Back in 1967, folk singer Pete Seeger wrote “Waist Deep in the Big Muddy,” a trenchant commentary on the stupidity of pressing ahead – in that case, with the Vietnam War – when everyone knew the cause was hopeless. (Here’s a link to the song’s debut on national television in 1968, after CBS relented in its efforts to keep it off the air.)
It seems to me that the song is once again appropriate, and not only to the current occupant of the White House. Frank Stronach seems intent on leading Magna Entertainment, and with it the shareholders in other Magna companies, deeper and deeper into the swamp that he has created. Only now people are beginning to speak out and call his bluff. As Lyndon Johnson discovered in 1968, once that happens, the question is not if the end is coming, but when.
As I noted some time ago, Magna Entertainment, which owns Gulfstream, Santa Anita, Laurel and Pimlico, Lone Star, Golden Gate Fields, Remington Park and other racing properties, is insolvent, unable to meet its liabilities as they come due. Its stock has lost 95% of its value over the past two years, and it has been repeatedly forced to negotiate month-by-month extensions of its working-capital loans with the Bank of Montreal and, more importantly, MI Developments Inc., a Stronach-controlled company that has been keeping Magna Entertainment on life support with hundreds of millions in intra-company loans. MI Developments owns a majority stake in Magna Entertainment, and, even though Stronach himself owns only 2% of MI Developments, he has thus far been able to exercise effective control. That situation is about to change, though.
Stronach, of course, has been doing everything he can to keep it from changing. For example, Magna Entertainment reported to the US Securities and Exchange Commission this past Wednesday that it had once more renegotiated the loans. This time, the Bank of Montreal gave Frank until November 17th to repay its $40 million. Magna Entertainment had to pony up an extra $400,000 to secure this extension, in addition to the junk-bond interest rate that it’s paying on the loan. In addition, MI Developments not only extended the due date on its $110 million loan to Magna Entertainment, to December 1st, but also increased the credit line from $10 million to $125 million. And MI Developments also extended the repayment date on a separate $100 million loan for the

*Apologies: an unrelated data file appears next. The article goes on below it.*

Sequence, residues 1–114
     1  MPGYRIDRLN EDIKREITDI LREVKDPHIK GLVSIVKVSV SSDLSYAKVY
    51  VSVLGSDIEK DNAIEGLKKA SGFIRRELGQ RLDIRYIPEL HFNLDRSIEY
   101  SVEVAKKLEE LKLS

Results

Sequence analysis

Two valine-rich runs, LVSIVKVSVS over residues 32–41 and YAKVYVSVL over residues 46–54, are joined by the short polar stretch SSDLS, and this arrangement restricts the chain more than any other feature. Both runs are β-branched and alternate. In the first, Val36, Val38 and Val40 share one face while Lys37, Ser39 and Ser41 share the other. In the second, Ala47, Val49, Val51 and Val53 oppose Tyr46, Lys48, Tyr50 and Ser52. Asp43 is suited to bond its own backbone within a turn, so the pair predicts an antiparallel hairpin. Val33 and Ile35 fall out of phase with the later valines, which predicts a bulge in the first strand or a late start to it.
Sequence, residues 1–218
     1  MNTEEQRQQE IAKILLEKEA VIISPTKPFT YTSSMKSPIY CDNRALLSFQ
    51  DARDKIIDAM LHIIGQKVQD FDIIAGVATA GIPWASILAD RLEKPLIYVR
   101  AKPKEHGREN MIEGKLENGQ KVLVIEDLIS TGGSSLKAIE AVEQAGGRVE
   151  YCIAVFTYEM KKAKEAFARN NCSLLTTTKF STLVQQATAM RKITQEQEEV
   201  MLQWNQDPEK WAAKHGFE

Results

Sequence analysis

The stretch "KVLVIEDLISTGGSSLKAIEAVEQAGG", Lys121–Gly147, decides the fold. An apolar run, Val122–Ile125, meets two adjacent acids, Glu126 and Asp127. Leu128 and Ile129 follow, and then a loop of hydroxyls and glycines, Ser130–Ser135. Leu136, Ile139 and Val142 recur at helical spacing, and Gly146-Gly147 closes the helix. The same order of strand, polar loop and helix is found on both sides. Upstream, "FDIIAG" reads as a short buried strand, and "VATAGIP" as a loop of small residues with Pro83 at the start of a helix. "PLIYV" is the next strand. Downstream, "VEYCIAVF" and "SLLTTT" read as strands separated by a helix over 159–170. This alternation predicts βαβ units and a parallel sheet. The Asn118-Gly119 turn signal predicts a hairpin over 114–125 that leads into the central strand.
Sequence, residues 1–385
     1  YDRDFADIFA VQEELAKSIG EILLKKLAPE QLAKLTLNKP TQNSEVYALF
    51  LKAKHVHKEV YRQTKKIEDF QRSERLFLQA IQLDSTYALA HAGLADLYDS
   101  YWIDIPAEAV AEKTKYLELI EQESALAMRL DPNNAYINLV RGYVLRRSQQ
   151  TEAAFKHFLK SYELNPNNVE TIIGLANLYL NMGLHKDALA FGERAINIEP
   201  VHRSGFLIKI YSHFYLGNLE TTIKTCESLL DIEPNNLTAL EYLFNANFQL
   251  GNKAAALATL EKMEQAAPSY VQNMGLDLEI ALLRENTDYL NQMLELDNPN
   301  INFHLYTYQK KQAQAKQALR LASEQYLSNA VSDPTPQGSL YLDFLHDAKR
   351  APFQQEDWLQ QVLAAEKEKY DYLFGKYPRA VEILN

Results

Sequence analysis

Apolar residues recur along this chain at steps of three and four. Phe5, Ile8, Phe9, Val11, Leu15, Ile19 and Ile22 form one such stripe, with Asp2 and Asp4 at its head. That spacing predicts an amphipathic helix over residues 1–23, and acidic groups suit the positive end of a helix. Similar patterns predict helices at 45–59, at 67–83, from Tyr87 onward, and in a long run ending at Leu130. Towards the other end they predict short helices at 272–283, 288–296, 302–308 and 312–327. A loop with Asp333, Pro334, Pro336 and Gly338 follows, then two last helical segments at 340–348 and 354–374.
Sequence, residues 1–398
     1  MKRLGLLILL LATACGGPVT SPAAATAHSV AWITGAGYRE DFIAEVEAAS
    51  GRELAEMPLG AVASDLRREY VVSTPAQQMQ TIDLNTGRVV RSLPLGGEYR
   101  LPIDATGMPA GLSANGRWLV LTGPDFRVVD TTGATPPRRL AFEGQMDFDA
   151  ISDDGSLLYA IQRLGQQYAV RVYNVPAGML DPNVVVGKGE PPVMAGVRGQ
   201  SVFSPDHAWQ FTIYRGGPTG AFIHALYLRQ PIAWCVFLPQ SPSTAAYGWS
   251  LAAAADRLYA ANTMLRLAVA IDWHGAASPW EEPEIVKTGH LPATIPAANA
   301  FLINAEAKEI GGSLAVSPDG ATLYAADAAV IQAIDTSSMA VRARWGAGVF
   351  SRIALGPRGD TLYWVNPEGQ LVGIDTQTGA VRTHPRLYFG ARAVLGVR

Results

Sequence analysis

Trouble is, as Ray Paulick has prominently pointed out there are now others involved – the wealthy outsider Halsey Minor, who has offered to buy the MI Developments debt, and MI minority shareholder Richard Fried, who has gone public with his disgust at Stronach’s use of MI Developments to prop up Magna Entertainment. Fried’s firm has an 8.5% stake in MI Developments and, not surprisingly, doesn’t want to see its investment sink into Frank’s swamp. In a letter to the Board of MI Developments Board Fried says that Magna Entertainment “has been, is and will remain a financial sinkhole.” The letter threatens legal action if the MI Developments Board of Directors – which, like the boards of all Magna companies, consists primarily of Frank’s friends and flunkies – doesn’t stop paying for Magna Entertainment’s ongoing losses.
Halsey Minor, the CNet founder who has also been negotiating with John Brunetti to buy Hialeah, has apparently attempted to buy some of the Magna race tracks as well, notably Pimlico and Laurel. When he got no response to those offers, he went public with a bid to buy up the various debts that Magna Entertainment owes to MI Developments. Minor has offered to buy those loans at par, thus getting the outside shareholders in MI Developments off the hook and at the same time putting himself in a position to foreclose on some of the race tracks. Shrewd move, and Minor has some heavy hitters lined up to do the hard work on his bid – the Australian-based Macquarie Capital to handle the finances, and the large
Stronach is trying to hang on. He’s countered the outside pressure from Minor, as well as the hedge funds and venture-capital firms that own a stake in MI Developments, with a plan to have that company turn Magna Entertainment into a wholly-owned subsidiary (right now, MI Developments owns 54% of the stock in Magna Entertainment, but has 96% of the voting power, because different classes of stock carry different votes). But now that the MI Developments shareholders have begun to threaten legal action, that sleight of hand is probably doomed. Frank may be waist deep in the big muddy, but it looks like the rest of the platoon is heading back to shore. Between the well-financed bid by Halsey Minor and the increasingly short temper of the minority shareholders, it looks like the end of Frank’s dream could be only weeks or months away.